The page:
I was approached by a charity, The Welsh Pony Rescue and Rehoming Charitable Trust and was asked if I would treat one of the pony foals that had recently come in to the rescue. The charity itself cares for illegally dumped and semi feral ponies that graze Gelligaer common in Wales. They have been doing this for over 25 years, and rely on volunteers and donations to keep their mission going.

Although the population of ponies is gradually declining due to the removal and castration of stallions on the common. The ponies are malnourished and have high worm burdens which can lead to death, especially of the young foals. The ponies that are dumped are usually colts, and can be as young as 2 months old, the backgrounds of the ponies is usually unknown, but some have very poor conformation usually due to inbreeding, whilst others sustain injuries caused by abuse and neglect.

One of the most important roles of an Equine Therapist is to collect as much information as you can from the client about the pony or horse you will be treating. This information paints a picture of the overall health of the animal and highlights any specific problems the horse/pony is suffering from. This can be caused by a specific incident such as a trip or a fall, or sometimes a simple management problem, for example tying a haynet up too high for a pony can cause tension in the neck and withers, as horses were not designed to eat with their heads up.

General health questions are asked as well, to include worming routine, dental checks, veterinary treatments, and when the horse last saw a vet. Veterinary permission needs to be obtained from the owners vet before seeing and treating the horse.

How often the horse is ridden and by how many riders also gives valuable information about the level of work, duration, and intensity. The level of the rider is also important as it is a factor to be considered when providing the client with an aftercare plan of exercises, both from the ground and mounted, as the client needs to be capable enough to achieve the exercises.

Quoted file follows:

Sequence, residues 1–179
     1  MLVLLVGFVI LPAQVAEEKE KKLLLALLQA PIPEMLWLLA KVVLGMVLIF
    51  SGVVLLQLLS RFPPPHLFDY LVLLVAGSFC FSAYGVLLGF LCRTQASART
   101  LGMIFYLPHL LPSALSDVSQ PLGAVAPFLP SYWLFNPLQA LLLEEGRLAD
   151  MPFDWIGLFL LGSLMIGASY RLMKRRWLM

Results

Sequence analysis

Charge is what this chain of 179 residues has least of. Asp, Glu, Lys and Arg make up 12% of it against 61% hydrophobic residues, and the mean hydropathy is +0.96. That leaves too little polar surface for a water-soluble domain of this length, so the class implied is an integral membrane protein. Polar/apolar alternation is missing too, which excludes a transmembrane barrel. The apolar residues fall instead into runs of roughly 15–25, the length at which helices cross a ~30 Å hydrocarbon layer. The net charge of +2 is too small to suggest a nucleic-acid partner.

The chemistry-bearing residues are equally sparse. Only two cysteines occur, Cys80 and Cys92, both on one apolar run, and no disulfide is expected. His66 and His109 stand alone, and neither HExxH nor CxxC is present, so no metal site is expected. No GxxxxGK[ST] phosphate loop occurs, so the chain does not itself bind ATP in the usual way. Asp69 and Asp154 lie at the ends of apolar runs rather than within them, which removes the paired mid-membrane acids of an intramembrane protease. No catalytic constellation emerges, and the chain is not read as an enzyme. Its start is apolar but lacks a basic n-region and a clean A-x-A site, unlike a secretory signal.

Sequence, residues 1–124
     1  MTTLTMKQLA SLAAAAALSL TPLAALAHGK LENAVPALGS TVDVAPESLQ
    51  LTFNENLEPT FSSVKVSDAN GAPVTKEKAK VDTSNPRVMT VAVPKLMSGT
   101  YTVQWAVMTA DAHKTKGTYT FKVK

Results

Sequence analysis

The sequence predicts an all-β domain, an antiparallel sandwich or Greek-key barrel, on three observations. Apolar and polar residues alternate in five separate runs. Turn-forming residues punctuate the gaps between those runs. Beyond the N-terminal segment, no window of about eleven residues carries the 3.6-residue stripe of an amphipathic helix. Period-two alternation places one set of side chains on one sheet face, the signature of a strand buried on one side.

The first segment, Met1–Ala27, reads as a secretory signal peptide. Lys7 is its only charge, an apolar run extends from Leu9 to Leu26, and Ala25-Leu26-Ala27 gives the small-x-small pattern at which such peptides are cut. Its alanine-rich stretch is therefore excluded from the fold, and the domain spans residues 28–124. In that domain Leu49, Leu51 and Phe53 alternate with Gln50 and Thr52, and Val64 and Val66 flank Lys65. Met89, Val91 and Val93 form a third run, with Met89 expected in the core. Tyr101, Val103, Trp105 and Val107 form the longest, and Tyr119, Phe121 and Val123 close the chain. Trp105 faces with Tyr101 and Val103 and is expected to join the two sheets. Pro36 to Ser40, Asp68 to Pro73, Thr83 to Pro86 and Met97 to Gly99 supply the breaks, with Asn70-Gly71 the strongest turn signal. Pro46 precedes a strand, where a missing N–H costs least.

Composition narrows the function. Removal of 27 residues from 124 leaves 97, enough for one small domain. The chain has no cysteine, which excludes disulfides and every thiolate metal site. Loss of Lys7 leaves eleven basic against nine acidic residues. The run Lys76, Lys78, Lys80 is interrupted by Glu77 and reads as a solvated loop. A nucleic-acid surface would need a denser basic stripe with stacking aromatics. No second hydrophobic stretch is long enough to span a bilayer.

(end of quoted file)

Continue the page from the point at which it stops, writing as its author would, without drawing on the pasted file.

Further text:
Other management factors such as number of hours turnout and routine is also important, as is the undulation of the paddocks? In severe cases the horse may benefit from a flat paddock for a couple of weeks, this again needs to be a factor when giving aftercare advice.

It is also important to establish if the horse has its own tack, if that fits correctly, and when it was last checked. An ill-fitting saddle will not help any horse recover from having a bad back.

The information I received about Storm was as follows;

 

Horse Details: Storm

Age: 1 yr              Sex: Colt              Height: 9hh         Colour: Bay         Breed: Welsh Pony

Condition score: Moderate but improving

Wormed: Yes     Shod: No (barefoot)

Management:

Lives out 24/7 on hilly pasture. When arrived at rescue centre was fed Calm and condition, chaff, seaweed, apple cider vinegar. Now eats hay and grass, no additional feed given, due to it being summertime. Handling is getting better, can now have a headcollar on and be led. Feet have been seen by a Podiatrist and begun to be rebalanced.

Presenting History:

Seen by vet on arrival to charity. His foster home had noticed that he had moderate head tilt and was walking with his head to one side. It has been known that cob foals are often tethered from a young age, and whether or not this was the case will remain unclear.

Treatment:

On palpation there was obvious tension of the left side at his Atlas. His pelvis was rotated and tilted to the left. When assessing the rest of his body there were obvious areas of tension also to the left in one cervical and several thoracic vertebrae.

Follow up:

After Storms initial treatment, I didn’t not know how much improvement I would get post treatment. I had also recommended that he was handled and led from both the left and right side, to encourage him to become more equal.  Within a few days his foster carer said he looked much straighter and that the head tilt was markedly improved. I visited Storm a few weeks later, and was very pleased with the progress he had made. I re treated his atlas, a cervical vertebra, and his pelvis.

The second treatment aims to continue to facilitate normal function of the musculoskeletal system, this is ideally done after 10-14 days.

  

For further information on the McTimoney Technique please visit www.mctimoneyanimal.co.uk

If you would like to donate or find out more about The Welsh Pony Rescue and Rehoming Charitable Trust they have a Facebook page and more information is found on their website welshponyrescue.org

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